When he started explaining the game I knew from the beggining that I had never played a game like this one. The best way for me to describe it is minis moving in a map. I know for a fact that there are more games like this one, where the main point is moving units and doing things with them. But it brought to me a lof of frustrating to play it. Lets start with the biggest part of frustration: rules. Basically, there is no main mechanic in this game, if you dont consider "move and do something" a mechanic. Instead of that, there are plenty of little and subtle mini rules. Ill show it with an example. First, as I said, you can move. Simple, right? Well, there it comes the little rules. You move the number represented on each figure, that describes how much it can move. Seems simple but wait, if you move into a different kind of terrain, you need additional movement. Ok, that also seems reasonable. There are three kind of terrains, moving into one type (forest) cost 2, and the other (roof) 3. Ok, doesnt seems really difficu...
but wait, if you move into the forest, it cost 2 to enter the forest, and 2 to move inside the forest. But the roof cost 3 to move into the roof, but only 1 to move in the roof. Water works the same as forest. Ok I guess that also makes sens... But wait, if you move out of a higher terrain into a lower terrain, you just need one movement. As such roof into floor is one movement only. Or forest into floor. Ok I think I got everyth... But wait, you can use cards that sometimes make your movement be different. ...Ok. Anything else? No, I think thats all. Great. Now, multiplies that for each of the little things you can do in game (combat, going into stealth, playing cards, solving movement when you are in the area of influence of another mini) and you have the rules for the game.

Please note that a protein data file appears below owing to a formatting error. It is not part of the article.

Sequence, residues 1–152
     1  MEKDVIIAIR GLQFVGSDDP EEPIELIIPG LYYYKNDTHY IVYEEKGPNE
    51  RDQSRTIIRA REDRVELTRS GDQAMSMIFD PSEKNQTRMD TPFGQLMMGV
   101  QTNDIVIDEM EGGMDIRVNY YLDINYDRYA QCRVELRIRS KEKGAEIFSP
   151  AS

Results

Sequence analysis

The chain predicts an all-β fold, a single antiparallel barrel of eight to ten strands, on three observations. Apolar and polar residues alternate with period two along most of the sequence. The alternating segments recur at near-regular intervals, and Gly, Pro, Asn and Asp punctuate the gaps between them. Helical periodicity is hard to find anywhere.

Granted, im probably making it sound more complicated that it is, because once you learned all it is fairly simple to play. But it is way too fiddly. I laugh now at people that said The Gallerist is complicated to play because you need to remember a lot of things when doing an action. They clearly never have played a minis game. I can teach any of my games just by explaining the main rule, move or mechanic of the game, and then going into detail of little things. This one has no main one, just a big number of little things. And since there are a lot of this, is really easy to forget them at some point. Even the owner of the game, who told me he had played base game 15+ times, made several rules mistakes, and had to made several checkings to the rulebook.

This comes to my second point of frustration: downtime. Every single second there is something you need to check. Ok, im gonna move. That should be simple right. Well, first check the terrain and see what kind of is, so you can figure out how much and where you can move. The terrains is beautiful painted and if you look closer you can easily see what type it is. But, you need to be close. The map is big, and sometimes figuring out if a mini you have somewhat far away can move